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Yen Tu - the home of Vietnam's hero king-turned-Buddha
By Minh Hung - Thanh Nien News -
The Yen Tu historical relic occupies nearly 20 kilometers of Quang Ninh Province’s Uong Bi District. It was listed as national relic in 1974 and as special national relic in 2012. Most of pagodas, temples and towers are located on nearly 2,800 hectares in the Yen Tu Forest Natural Reserve which boasts a diverse tropical ecosystem. Photos: Minh Hung
The Yen Tu Mount is located 1,068 meters above sea level (the highest in northeastern Vietnam) and was founded by King Tran Nhan Tong (1258-1308). After successfully leading the Tran Dynasty to it final victories over two Mongol invasions, King Tran Nhan Tong gave the throne to his son and went to Yen Tu in 1299 to create the Truc Lam Buddhism Zen Sect, which had a significant impact on the development of Vietnamese Buddhism.
The Hue Quang Kim Tower is located near the Hoa Yen Pagoda. The tower was built in 1309 to store King Tran Nhan Tong’s sarira – the crystal-like bead-shaped objects that are purportedly found among the cremated ashes of Buddhist masters.
The Hue Quang Kim Tower also features a statue of King Tran Nhan Tong which crafted, following his ordination, during the Tran Dynasty (1225-1400).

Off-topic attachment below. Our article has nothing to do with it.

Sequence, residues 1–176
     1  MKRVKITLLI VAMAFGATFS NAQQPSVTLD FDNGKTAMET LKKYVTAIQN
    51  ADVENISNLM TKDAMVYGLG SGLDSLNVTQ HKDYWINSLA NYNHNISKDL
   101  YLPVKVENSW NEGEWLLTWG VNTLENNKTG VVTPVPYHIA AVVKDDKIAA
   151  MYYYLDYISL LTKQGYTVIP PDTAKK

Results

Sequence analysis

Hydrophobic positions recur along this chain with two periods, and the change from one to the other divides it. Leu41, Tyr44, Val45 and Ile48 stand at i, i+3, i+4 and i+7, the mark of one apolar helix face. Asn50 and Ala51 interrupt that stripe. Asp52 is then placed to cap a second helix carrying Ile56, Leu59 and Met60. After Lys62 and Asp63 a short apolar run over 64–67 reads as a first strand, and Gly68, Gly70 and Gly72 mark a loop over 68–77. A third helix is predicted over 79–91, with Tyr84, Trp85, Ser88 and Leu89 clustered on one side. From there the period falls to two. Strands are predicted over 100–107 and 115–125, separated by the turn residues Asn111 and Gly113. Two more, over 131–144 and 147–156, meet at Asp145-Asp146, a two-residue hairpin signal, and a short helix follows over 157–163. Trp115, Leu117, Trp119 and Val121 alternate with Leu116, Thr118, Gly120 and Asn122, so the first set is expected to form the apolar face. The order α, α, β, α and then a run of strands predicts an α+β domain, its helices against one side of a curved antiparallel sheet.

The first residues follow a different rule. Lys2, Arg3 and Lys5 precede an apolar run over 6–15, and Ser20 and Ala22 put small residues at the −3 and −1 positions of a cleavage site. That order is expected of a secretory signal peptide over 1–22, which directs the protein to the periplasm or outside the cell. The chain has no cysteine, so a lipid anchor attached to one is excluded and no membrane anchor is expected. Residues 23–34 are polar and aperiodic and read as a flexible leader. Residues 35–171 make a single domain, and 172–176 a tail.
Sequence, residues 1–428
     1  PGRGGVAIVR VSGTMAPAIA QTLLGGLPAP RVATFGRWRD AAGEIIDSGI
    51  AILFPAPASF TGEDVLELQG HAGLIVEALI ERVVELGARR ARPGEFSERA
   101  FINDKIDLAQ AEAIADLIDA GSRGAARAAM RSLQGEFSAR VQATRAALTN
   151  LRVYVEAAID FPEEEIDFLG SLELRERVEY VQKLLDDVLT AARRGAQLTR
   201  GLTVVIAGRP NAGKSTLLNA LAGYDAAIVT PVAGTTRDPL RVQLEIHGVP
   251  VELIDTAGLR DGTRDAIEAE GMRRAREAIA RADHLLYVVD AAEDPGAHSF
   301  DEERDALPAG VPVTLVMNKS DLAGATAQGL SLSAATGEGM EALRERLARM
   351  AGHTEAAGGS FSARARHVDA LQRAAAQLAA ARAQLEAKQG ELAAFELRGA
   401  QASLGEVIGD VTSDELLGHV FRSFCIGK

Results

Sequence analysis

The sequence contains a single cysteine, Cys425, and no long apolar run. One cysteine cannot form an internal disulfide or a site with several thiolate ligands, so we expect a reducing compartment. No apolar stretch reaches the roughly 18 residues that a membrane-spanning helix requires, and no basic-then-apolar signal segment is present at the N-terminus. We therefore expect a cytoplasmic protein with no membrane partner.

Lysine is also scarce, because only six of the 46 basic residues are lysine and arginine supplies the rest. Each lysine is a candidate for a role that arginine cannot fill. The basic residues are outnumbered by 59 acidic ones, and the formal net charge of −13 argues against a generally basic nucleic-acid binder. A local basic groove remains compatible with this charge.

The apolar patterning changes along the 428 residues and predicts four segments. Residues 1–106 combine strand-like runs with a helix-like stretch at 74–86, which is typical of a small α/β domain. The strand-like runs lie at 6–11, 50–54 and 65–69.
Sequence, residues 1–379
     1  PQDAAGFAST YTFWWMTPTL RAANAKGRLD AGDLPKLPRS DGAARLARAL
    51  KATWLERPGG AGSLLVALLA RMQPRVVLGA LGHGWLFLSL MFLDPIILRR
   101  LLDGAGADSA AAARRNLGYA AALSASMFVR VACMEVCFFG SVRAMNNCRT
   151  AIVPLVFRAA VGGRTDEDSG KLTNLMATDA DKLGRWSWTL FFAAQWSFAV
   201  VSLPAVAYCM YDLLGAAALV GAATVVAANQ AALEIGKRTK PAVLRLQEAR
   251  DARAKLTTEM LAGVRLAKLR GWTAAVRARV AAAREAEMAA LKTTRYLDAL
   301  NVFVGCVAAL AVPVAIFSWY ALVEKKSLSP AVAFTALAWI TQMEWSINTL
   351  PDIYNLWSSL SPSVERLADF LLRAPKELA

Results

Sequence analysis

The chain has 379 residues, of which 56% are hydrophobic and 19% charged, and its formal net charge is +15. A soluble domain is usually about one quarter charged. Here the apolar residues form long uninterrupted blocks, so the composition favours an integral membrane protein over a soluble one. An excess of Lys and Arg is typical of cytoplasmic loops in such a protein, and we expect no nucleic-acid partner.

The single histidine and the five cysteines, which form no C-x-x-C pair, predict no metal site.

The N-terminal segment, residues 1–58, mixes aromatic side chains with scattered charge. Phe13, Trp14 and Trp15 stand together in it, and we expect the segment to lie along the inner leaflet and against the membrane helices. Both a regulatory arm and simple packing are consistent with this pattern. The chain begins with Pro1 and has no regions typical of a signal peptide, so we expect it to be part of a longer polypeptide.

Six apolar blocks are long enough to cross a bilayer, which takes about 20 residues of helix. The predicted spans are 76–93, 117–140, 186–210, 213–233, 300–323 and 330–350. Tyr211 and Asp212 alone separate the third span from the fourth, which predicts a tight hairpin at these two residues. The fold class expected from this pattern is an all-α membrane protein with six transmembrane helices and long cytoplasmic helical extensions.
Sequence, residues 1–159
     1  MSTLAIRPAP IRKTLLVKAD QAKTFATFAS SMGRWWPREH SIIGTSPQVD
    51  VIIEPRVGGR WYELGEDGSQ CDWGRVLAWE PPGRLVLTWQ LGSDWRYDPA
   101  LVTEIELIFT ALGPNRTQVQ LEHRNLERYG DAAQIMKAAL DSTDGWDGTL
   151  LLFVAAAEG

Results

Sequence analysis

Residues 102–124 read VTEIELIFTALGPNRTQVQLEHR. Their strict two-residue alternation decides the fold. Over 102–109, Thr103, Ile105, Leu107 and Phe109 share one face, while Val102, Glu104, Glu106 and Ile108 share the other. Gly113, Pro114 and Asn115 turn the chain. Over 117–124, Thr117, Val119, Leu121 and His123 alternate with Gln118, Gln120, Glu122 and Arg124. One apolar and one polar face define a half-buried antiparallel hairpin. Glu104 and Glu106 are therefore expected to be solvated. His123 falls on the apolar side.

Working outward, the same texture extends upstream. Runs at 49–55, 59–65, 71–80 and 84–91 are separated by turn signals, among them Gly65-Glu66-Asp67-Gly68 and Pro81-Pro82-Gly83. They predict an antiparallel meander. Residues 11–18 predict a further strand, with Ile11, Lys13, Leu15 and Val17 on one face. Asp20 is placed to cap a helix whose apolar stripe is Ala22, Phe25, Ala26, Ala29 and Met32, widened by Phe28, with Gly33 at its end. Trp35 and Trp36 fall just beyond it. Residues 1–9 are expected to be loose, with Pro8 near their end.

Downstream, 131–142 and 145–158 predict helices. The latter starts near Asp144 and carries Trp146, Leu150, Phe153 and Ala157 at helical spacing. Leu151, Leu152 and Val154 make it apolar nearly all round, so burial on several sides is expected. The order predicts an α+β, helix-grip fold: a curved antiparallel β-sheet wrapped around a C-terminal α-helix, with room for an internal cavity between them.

Hoa Yen is the main pagoda of Yen Tu Pagoda Complex and is surrounded by three ancient trees, each more than 700 years old. Followers of the sect believe they were planted by the three patriarchs of the Truc Lam Buddhism Zen Sect, including King Tran Nhan Tong.
Situated at more than 1,000 meter above sea level you'll find a massive bronze statue of King Tran Nhan Tong. It is believed to weigh 138 tons.
At the cloudy peak of Yen Tu Mountains sits the Dong (Thien Truc) Pagoda which was built in 2007 out of bronze. The pagoda weighs 70 tons and is shaped like a blooming lotus. It is the largest bronze pagoda ever built in Vietnam.
Legend has its that the Giai Oan Stream was where King Tran Nhan Tong’s wives committed suicide after failing to convince him to return to the throne.
The stream flows under the Giai Oan Bridge, which leads to the Giai Oan Pagoda.
The Giai Oan Pagoda is said to be the place that King Tran Nhan Tong built to pray for the souls of his deceased wives.
The Truc Lam Yen Tu Monastery is the largest in Yen Tu and considered the headquarters of Truc Lam Zen Buddhism Sect in Vietnam.
In Yen Tu, tourists can hike 6 kilometers to the peak, which takes about 6 hours. Two cable car systems half the distance. Accommodation is available at the foot of the mountain foot along with a restaurant that plays traditional Vietnamese music.